The board announces that all of the drug
stores who wish to do any form of liquor
dispensing must take out a druggists' per
mit for the same. The rule will be rigidly
enforced. The time for advertising these
permits is almost expired. If the the drug
gists wish to be In business legally by
May 1. These notices require two weeks'
publication, the same as saloon licenses.
Heretofore only two drugglRts have taken
permits regularly. The others "have been
selling without permits, and, It Is srUd, do
ing a thriving business. The saloon men
are very bitter against some drug stores
which, It Is alleged, have been regularly
supplying Sunday customers with liquor.
The Sunday drug business apparently is
a good thing In several localities. An
informal executive session was later held
In W. C. Lambert's office.
Dr. R. L. Wheeler's topic for Sunday
morning will be "The New Citizenship."
The evening theme will be "A Non-Produe-tlve
Faith." Music will be furnished by a
"Preserving Power" Is Rev. Mr. Hitler's
morning theme at Leffler's Memorial
church. The evening sermon will be on
the subject. "A New Name."
Rev. George Van Winkle's sermon Sun
day morning will embrace the theme "Vic
tory Over Evil." His evening service will
discuss, the subject. "A Deserter." The
young people meet at 7 o'clock.
At the United Presbyterian church Rev.
Andrew Renwick will speak of "Paul On
the Defense." In the evening his theme
will be "Jacob's God."
The usual services are announced at the
Y. M. C. A. Notes.
That the Sunday afternoon meetings ars
growing in favor with the men is at
tested by the Increase In number attending.
Last Sunday the audience was the largest
that has attended for several weeks. Rev.
Mr. Miller delivered the address and held
the closest attention of his hearers through
out. Next Sunday the association quartet
will render a sacred concert. They will
be assisted by Mrs. C. M. Lefler, Miss
F. E. Campbell, sopnino, and Miss Adeline
Dlmock, pianist. Tho meeting will be held
In the gymnasium and all men are In
vited to attend.
The committee has decided to give six
numbers In the Star cours" next season.
Five of them are now decided upon and the
sixth is still being discussed. Of one thing
the public can be sure, and that Is the
course will be as strong or stronger than
any of the preceding ones.
Barber Teddy Talboe Is improving, though
The regular monthly board meeting was
held last Thursday evening. Nothing of
special Importance was done. The secre
tsry was directed to call ,a special meet
ing of the board as soon as the contractor
who Is to furnish figures upon the cost
of a new building had made his report.
The board seems to be a unit In the new
building project and the members think
this Is the year to make the venture.
Rev. Mr. Frlzzell, who joined the "get
four" Minister's club, brought In his first
member yesterday. He says that he may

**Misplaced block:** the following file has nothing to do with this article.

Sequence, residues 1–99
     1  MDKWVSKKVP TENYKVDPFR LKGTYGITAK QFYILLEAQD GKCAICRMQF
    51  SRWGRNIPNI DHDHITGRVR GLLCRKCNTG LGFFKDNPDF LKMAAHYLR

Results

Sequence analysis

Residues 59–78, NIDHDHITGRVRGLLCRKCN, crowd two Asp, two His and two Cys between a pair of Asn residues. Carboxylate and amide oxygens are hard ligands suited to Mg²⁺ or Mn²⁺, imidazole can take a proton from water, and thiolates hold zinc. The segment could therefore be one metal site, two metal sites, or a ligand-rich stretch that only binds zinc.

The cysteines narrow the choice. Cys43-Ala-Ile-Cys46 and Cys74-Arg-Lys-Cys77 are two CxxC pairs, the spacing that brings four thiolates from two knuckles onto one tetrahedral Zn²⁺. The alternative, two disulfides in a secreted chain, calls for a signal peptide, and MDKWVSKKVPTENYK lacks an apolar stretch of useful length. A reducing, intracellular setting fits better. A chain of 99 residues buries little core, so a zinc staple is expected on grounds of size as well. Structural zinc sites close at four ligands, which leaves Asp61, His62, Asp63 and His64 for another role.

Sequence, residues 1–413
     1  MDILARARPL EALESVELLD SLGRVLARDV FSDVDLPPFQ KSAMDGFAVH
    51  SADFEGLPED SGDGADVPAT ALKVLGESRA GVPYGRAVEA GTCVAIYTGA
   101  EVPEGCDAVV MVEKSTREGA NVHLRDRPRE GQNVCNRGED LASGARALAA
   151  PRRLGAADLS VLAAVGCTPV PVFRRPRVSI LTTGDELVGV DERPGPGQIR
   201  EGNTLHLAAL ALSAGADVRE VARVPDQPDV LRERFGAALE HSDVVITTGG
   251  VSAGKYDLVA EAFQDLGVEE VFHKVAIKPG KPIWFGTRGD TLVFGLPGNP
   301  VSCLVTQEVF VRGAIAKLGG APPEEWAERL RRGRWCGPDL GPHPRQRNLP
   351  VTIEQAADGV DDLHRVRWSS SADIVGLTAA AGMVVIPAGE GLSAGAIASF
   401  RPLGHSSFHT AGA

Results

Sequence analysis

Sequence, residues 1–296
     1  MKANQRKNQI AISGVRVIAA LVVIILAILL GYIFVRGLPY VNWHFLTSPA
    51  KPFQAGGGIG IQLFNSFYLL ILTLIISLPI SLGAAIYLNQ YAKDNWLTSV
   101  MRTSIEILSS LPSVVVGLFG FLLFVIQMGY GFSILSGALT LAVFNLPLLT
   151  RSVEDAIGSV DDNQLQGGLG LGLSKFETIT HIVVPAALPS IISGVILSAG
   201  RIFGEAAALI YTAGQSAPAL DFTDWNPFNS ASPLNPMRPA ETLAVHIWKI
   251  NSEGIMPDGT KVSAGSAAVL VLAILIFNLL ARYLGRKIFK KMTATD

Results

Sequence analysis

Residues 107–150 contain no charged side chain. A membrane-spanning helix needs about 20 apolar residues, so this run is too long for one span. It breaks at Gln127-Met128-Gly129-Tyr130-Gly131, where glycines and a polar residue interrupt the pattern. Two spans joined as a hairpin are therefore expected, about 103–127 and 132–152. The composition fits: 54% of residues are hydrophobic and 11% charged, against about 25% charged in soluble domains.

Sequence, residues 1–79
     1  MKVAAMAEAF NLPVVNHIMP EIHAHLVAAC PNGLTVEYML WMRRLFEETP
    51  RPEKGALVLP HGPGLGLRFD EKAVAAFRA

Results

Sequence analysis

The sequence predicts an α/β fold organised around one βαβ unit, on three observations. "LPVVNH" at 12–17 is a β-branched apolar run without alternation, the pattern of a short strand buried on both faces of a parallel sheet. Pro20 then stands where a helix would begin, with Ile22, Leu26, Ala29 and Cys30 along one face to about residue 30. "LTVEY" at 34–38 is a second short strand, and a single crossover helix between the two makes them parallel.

be a little slow, but the association can
count on those four members.
Mad Doa; Spare.
The vicinity of West Q street Is said to
have been greatly alarmed over a mad dog
scare yesterday forenoon. It Is reported
that a large mastiff belonging to Mrs.
Hurley ran amuck
In the neighborhood,
snapping everything which came Its way.
Two men are reported to have been bitten
and a little girl barely escaped. Half a
dozen other doga were bitten and a cow
and two horses were also among the num
ber. It Is said the dog tried to break into
the Corrlgan school and made several leaps
at the high windows. A crowd of men
secured horses and gave chase and the
animal was shot and killed. Several of the
other dogs have been killed and the bitten
animals will be carefully watched.
Manic City Gossip.
Miss Lottie Schroeder is on the sick
Miss West of Malvern, la., is visiting Mrs.
William Van Ness.
Itachael Hyiie has returned to Lincoln
cfter her vacation.
Mrs. . M. Davis Is entertaining Mrs.
Hudson during the present week.
Mrs. George McBrlde Is recovering from
a recent severe attack of Illness.
Mr. Dare, from the east, was the guest
of the week with Mrs. Clarence Ewell.
Dr. B. L. Del-anney Is out ugaln after
a runaway accident in Albright.
The entertainment of the Central school
was largely attended laat night.
Mrs. Kmma Wallace of Burlington. la,
has been the guest of Mrs. William Bar
clay. Karl Glllln has returned to Lincoln. He
Otto Myer, 2X7 South Twenty-fourth
street, reported the birth of a daughter.
Miss Anita jac.onson spent the greater
port ion of her vacation at Coffman, Neb.,
Jetter Bock beer on tap today.
Call No. tt and order a case of Jetter
Miss Maude Nixon, daughter of A. A.
Nixon, sp.ru vacation week at home. She
Cbiue up from Peru.
Arl Walts has gone to O'Neill to spend
the summer. He lived at Twenty-seventh
and JefCerson streets.
William Gilchrist of BI.mix City is ex
pected this evening or Sunday for a short
visit in South Omaha.
The mayor will announoe hla appoint
ments for sewer Inspectors at next Mon
day'a session of the city council.
The Board of Educatlen held a aaauton
devoid of buslneaa Thursday evening and
enlivened only by a pnaaage of arms over
the Injunction proceedings.